]. Johnson and colleagues [33
], using a prospective study design, found that childhood neglect predicted personality disorder in early adulthood.
The association between childhood trauma and behavioral health and aggressive behavior in adulthood is well-established in the literature. This research indicates that the timing of abuse (particularly in childhood) and the type of abuse (physical, sexual, emotional) differentially predict psychopathological symptoms in adulthood. These associations have been established in community samples using cross-sectional and longitudinal data. This study extends this research by exploring these associations in a sample of incarcerated male. While it is evident that trauma exposure over the life cycle is prevalent among incarcerated men, the connection between time-dependent (childhood vs. adulthood) and specific types of trauma (physical, sexual, and emotional) have not been rigorously investigated. This paper examines general symptoms of psychopathology associated with childhood and adult trauma in an incarcerated male sample. We test the following hypotheses: (1) incarcerated males with trauma exposure will report greater use of behavioral health treatment and psychopathological symptoms/problems than those without trauma exposure; (2) childhood trauma exposure, compared to adult trauma exposure, will more significantly predict psychopathology in adulthood; and (3) types of trauma will have differential impacts on psychopathology in adulthood.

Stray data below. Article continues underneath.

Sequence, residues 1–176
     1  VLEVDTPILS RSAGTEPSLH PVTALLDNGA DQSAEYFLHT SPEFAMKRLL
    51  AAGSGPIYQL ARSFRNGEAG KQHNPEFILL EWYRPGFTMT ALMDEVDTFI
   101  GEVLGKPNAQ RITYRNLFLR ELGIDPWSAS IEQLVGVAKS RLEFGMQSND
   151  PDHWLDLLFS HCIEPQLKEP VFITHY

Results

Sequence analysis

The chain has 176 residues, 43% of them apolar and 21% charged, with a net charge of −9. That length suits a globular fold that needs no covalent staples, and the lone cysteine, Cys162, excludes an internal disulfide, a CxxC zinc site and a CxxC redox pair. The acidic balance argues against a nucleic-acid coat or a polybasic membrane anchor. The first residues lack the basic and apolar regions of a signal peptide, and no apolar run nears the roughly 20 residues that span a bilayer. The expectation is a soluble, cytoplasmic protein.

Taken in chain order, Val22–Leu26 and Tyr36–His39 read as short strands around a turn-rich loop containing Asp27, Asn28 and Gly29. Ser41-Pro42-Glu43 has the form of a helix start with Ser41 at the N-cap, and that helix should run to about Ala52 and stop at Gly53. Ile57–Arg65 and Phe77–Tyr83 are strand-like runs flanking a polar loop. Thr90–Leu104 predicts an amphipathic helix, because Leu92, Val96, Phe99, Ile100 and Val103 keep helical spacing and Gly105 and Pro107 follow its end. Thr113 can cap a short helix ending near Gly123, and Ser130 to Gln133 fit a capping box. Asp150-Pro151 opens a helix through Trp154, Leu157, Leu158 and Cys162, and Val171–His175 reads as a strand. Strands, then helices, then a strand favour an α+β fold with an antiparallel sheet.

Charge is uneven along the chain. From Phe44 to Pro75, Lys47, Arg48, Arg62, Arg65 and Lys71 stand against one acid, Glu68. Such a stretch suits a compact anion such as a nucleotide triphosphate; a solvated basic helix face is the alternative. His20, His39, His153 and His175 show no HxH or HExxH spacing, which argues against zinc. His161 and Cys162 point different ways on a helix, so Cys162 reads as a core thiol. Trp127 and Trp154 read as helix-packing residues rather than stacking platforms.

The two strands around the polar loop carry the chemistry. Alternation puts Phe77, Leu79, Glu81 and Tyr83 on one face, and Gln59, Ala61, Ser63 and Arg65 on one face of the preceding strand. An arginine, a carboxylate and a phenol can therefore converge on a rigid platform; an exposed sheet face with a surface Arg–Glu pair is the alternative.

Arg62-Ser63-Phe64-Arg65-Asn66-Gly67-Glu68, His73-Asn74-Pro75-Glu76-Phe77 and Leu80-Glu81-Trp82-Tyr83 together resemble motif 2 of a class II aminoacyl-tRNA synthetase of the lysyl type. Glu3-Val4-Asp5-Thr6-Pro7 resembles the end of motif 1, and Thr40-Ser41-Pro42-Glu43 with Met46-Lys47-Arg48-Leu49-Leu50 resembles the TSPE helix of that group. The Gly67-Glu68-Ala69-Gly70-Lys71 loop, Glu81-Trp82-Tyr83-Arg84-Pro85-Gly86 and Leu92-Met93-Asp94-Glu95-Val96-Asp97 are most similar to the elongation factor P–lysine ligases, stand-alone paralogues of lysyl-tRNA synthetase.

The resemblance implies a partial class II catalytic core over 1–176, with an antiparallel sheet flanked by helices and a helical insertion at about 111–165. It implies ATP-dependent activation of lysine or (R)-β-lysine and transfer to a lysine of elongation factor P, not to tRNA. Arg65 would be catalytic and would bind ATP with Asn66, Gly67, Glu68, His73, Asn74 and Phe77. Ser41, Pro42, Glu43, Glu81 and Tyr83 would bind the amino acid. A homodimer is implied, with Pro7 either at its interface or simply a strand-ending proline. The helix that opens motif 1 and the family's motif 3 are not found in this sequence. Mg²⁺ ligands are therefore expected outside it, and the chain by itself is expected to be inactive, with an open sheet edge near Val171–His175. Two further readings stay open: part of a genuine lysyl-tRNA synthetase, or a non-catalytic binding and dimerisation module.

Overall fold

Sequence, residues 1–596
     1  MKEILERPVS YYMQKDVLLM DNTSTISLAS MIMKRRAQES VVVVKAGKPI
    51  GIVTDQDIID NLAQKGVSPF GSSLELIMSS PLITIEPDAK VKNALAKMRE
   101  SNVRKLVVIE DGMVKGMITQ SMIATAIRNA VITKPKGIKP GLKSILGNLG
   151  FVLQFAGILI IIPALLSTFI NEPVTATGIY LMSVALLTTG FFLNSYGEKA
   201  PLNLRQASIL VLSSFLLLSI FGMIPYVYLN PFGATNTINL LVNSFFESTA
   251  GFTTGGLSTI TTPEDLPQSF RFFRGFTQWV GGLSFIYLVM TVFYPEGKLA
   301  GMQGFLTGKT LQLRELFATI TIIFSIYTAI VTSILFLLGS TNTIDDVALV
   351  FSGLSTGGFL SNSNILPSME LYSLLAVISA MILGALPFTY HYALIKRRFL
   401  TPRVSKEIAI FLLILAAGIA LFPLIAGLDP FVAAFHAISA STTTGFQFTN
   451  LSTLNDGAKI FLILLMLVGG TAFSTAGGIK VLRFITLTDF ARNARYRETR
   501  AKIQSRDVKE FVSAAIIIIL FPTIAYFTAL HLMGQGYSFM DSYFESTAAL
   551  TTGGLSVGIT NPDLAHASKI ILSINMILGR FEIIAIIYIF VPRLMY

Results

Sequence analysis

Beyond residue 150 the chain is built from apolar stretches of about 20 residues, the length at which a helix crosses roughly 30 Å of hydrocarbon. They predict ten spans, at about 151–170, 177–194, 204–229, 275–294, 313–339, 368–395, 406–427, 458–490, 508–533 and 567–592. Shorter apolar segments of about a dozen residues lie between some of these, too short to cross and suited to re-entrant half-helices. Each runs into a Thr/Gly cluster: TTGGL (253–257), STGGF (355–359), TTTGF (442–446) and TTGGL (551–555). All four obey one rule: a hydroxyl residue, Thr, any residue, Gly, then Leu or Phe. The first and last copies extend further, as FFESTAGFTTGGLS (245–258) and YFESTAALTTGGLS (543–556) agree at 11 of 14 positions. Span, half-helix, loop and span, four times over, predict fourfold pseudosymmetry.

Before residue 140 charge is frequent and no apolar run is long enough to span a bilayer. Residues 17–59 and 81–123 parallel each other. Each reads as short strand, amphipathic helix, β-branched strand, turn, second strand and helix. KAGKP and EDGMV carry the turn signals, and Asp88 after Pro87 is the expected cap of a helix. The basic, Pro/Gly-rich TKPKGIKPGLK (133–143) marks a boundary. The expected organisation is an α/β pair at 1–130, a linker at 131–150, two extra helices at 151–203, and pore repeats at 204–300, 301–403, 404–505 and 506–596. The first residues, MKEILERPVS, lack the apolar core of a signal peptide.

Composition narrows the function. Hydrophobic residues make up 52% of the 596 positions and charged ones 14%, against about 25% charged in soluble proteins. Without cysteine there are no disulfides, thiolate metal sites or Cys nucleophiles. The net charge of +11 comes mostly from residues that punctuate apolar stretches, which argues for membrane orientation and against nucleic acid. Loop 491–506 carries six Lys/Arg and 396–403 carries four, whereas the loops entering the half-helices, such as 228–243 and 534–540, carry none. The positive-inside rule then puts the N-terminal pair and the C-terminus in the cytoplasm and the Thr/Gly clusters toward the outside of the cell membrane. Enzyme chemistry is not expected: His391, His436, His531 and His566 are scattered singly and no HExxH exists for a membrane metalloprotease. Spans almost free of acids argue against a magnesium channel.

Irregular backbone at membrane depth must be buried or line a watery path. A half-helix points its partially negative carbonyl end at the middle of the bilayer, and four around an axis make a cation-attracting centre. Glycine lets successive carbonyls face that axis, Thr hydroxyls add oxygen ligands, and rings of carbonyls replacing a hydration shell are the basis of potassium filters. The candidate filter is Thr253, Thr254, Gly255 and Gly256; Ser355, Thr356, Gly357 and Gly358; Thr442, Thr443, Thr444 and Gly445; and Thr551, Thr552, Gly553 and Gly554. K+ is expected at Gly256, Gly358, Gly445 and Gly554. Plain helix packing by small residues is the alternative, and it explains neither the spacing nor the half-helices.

The study population was drawn from 10 adult prisons for men operated under the auspices of a State Department of Corrections located in the northeast of the United States. The prison system houses approximately 24,000 men in a dozen maximum, medium, and minimum security prisons. The study population included inmates housed at 10 adult prisons for men (excluding the super-max facility and reception center, which are not releasing facilities) that were within 24 months or less of their parole eligibility or maximum sentence date. Excluded from the eligible population were inmates housed in the hospital, administrative segregation, halfway houses, or residential treatment units. Also excluded were individuals off-site on the day of the survey due to court, medical appointments, or work assignments. In addition, individuals were excluded if they were being deported, had detainers for new charges, or otherwise had release eligibility dates that were outside the 24-month window based on recent parole hearings. Roughly 25% of the population was ineligible for these reasons. In all, 7,207 male inmates (three-quarters of the soon-to-be-released population) were eligible to participate. All inmates who met the eligibility criteria (n = 7,207) were invited to participate in a survey about readiness for reentry. The principal investigator provided a 10-minute study orientation to groups of approximately 30 eligible subjects. At the conclusion of the orientation, those interested in participating were consented. Written consent was required to participate in the survey. Subjects were not compensated for participating. Response rates across all facilities ranged from 46.0% to 64.9%, with a mean response rate of 58.4% (SD: 7.3). The consent procedures were approved by Rutgers University Institutional Review Board and the Research Committee of the participating Department of Corrections.